- Encoding missing variables in continuous features.
When the variable is positive in nature, encoding missing entries as -1 works well for tree-based models. Tree-based models can account for missingness of data via encoded variables.
In our case, the mileage column would be our choice for encoding missing entries. If we used tree-based models (Random Forest, Boosting), we could encode NaN values as -1.
- Encoding missing entry as another level of a categorical variable.
This method also works best with tree-based models. Here, we modify the missing entries in a categorical variable as another level. Again, tree-based models can account for missingness with the help of a new level that represents missing values.
Color feature is a perfect candidate for this encoding method. We could encode NaN values as ‘other’, and this decision would be accounted for when training a model.
- Mean/Median/Mode imputation.
With this method, we impute the missing values with the mean or the median of some variable if it is continuous, and we impute with mode if the variable is categorical. This method is fast but reduces the variance of the data.
Mileage column in our table could be imputed via mean or median, and the color column could be imputed using its mode, i.e. most frequently occurring level.
- Predictive models for data imputation.
This method can be very effective if correctly designed. The idea of this method is that we predict the value of the missing entry with the help of other features in the dataset. The most common prediction algorithms for imputation are Linear Regression and K-Nearest Neighbors.
Considering the table above, we could predict the missing values in the mileage column using color, year and model variables. Using the target variable, i.e. price column as a predictor is not a good choice since we are leaking data for future models. If we imputed mileage missing entries using price column, the information of the price column would be leaked in the mileage column.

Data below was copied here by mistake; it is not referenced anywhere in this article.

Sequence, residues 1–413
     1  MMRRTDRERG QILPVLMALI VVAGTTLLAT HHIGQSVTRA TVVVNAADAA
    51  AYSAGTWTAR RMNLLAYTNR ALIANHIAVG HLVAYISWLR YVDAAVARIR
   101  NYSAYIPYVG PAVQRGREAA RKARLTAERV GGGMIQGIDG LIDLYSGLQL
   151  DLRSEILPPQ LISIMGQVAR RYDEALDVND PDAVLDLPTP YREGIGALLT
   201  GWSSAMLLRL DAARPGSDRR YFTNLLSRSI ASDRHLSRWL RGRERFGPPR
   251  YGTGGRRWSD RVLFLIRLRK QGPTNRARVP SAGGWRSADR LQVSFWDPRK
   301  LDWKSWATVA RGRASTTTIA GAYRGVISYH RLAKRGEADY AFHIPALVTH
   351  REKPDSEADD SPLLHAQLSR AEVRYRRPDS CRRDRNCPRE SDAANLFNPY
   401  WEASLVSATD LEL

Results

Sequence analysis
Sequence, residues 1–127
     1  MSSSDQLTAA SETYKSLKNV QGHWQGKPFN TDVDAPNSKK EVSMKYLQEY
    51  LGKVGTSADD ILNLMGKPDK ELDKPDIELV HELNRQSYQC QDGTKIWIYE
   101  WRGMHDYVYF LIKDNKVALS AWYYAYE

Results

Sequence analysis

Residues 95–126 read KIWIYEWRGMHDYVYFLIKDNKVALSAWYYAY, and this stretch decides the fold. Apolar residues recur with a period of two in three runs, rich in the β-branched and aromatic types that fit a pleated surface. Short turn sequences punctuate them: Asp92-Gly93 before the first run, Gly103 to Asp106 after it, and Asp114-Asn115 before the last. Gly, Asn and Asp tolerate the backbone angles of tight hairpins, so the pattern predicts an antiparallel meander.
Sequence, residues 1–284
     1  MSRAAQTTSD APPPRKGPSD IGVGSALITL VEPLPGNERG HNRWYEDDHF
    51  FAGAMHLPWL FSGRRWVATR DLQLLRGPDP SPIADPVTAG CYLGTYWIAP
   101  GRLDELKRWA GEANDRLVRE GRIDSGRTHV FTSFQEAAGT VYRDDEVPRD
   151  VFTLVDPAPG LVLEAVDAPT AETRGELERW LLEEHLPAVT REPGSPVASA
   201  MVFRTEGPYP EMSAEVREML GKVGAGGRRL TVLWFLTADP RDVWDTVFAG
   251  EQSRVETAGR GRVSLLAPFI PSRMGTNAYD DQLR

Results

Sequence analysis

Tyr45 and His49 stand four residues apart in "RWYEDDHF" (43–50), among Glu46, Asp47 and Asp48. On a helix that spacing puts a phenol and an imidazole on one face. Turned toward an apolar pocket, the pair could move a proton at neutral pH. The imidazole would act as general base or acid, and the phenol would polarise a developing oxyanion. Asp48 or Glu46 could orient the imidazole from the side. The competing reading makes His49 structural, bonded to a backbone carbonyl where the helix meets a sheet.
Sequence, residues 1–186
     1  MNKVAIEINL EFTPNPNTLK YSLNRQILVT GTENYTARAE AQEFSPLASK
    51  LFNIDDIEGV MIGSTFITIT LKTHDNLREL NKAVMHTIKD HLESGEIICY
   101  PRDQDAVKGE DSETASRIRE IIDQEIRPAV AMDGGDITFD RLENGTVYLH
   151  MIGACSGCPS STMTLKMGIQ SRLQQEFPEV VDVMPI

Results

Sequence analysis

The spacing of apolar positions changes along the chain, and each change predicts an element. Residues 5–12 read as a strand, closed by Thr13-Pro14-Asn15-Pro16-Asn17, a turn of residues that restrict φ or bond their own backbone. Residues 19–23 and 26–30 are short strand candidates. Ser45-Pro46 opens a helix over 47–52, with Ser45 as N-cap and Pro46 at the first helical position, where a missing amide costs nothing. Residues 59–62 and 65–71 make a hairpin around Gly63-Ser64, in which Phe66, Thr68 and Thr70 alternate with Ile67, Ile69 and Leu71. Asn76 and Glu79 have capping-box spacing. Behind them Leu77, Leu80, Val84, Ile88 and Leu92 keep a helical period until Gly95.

- Multiple Imputation.
In Multiple Imputation, instead of imputing a single value for each missing entry we place there a set of values, which contain the natural variability. This method also uses predictive methods, but multiple times, creating different imputed datasets. Thereafter, created datasets analyzed and the single best dataset is created. This is a highly preferred method for data imputation, but moderately sophisticated, you can read about it here.
There are a lot of methods that deal with missing values, but there is no best one. Dealing with missing values involves experimenting and trying different approaches. There is one method though, which is considered the best for dealing with missing values, the basic idea of it is preventing the missing data problem by the well-planned study where the data is collected carefully. So, if you are planning a study consider designing it more carefully to avoid problems with missing data.
Click the 💚, if you liked the article, so more people can see it here on Medium. This article is best read with my previous article, that can be found here. If you have any questions, you can write them in the comments section below, and I will do my best to answer them. Also, you can email me directly or find me on LinkedIn.